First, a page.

November 23, 2015
Four Democrats in Congress have introduced legislation to reform food labeling through a measure that includes updates to the Nutrition Facts label.
The Food Labeling Modernization Act of 2015 is intended to minimize confusing and misleading information on food packages, according to a press release. The legislation was introduced by Sens. Richard Blumenthal (Connecticut) and Edward Markey (Massachusetts), as well as Reps. Frank Pallone, Jr. (New Jersey) and Rosa DeLauro (Connecticut).
“The measure is a commonsense solution to grocery store shelves that are filled with products labeled with confusing or deceptive dietary information," Blumenthal said in the news release. “The Food Labeling Modernization Act mandates critically important information for consumers by updating laws that have been unchanged since the 1990s."
The legislation would update the Nutrition Facts panel to require labeling of added sugars, and changes the serving size to one that is “packaged in an amount that could reasonably be consumed in a single-eating occasion." The revised panel also would prominently display the percent of recommended daily calories per serving based on a figure determined by the Secretary of Health and Human Services (Secretary) for members of the general population or subpopulations, according to a summary of the bill.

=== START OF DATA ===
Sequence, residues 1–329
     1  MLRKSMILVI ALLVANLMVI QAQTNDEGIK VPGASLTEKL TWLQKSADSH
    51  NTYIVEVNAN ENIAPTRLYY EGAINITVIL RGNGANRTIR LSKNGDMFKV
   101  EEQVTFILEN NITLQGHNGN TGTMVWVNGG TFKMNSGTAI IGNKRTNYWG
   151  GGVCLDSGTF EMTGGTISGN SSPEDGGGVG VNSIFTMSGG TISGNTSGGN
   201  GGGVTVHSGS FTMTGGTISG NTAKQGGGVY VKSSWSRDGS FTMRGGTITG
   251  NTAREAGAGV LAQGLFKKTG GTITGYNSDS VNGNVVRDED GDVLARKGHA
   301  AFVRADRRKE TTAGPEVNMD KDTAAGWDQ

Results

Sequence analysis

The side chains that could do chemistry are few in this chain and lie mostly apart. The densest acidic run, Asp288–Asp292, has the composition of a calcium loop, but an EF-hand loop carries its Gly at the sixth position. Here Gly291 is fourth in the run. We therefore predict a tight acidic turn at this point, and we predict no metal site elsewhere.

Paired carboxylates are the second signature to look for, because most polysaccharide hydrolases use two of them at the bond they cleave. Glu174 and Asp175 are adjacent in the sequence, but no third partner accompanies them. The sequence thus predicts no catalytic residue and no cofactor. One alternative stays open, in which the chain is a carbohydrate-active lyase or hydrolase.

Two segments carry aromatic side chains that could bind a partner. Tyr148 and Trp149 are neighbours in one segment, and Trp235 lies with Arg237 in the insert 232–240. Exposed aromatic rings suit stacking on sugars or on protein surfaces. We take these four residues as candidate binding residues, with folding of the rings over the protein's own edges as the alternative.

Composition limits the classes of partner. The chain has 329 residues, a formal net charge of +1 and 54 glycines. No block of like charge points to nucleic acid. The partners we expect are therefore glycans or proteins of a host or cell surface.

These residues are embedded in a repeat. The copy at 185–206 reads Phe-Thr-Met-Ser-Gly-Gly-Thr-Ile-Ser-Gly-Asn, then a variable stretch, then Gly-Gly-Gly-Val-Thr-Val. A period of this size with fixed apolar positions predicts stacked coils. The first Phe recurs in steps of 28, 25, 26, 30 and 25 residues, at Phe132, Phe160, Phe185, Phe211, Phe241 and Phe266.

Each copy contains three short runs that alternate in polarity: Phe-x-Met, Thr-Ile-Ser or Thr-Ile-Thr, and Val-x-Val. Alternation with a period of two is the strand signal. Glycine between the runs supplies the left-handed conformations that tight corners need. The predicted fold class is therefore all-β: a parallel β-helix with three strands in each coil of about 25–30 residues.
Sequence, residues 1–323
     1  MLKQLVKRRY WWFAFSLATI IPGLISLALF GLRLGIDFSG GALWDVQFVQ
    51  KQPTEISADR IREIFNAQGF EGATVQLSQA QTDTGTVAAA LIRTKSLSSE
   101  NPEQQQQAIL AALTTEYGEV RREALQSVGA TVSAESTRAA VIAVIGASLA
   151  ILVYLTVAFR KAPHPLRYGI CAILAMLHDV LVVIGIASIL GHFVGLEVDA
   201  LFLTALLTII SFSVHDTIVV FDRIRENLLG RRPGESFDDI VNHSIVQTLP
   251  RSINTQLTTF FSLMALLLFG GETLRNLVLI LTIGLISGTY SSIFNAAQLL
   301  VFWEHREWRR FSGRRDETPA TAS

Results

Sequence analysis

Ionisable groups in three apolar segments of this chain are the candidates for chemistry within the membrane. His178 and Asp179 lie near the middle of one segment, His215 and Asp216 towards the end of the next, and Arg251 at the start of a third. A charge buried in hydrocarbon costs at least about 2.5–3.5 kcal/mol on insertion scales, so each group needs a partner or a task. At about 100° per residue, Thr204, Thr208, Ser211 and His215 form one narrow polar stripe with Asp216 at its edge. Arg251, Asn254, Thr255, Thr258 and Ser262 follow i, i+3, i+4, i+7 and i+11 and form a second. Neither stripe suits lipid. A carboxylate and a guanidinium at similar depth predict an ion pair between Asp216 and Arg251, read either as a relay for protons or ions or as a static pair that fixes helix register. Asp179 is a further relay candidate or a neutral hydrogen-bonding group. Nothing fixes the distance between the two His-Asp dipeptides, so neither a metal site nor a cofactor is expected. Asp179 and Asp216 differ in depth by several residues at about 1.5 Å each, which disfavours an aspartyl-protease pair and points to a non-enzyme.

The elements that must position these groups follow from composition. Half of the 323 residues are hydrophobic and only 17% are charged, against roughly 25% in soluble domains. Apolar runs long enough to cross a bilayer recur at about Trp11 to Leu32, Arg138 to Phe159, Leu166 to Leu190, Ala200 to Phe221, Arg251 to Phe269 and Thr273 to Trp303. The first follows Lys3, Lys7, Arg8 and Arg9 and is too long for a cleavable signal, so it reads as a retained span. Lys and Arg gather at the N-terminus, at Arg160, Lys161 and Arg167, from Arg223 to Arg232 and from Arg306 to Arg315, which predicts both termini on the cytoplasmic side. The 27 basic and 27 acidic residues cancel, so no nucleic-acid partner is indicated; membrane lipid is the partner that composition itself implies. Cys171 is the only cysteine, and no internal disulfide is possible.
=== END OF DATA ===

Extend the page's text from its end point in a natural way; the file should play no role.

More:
Other changes include a standard front-of-package labeling that is easily understood and displays calorie information related to a common serving size. The Food Labeling Modernization Act also directs the Secretary to issue guidance clarifying how health claims can be substantiated. Under the legislation, foods cannot be labeled “healthy" if less than half of the grains are whole grains or if the food contains more than 10 percent daily value of added sugar per serving.
The proposal further directs the Secretary to promulgate a rule related to use of the term “natural," paying heed to consumer studies and surveys. Additional sections of the bill relate to food allergens, including a requirement to include sesame on the list of major food allergens. According to the Center for Science in the Public Interest, sesame can cause fatal reactions in some people.
“When families make the effort to eat nutritious, healthy food, the labels on food products should help them make the right choices, not confuse or mislead them," Pallone said in the press release. “The Food Labeling Modernization Act addresses this problem by taking a comprehensive approach at ensuring consistency and clarity on food labels and setting reliable standards for what healthy and natural actually mean."
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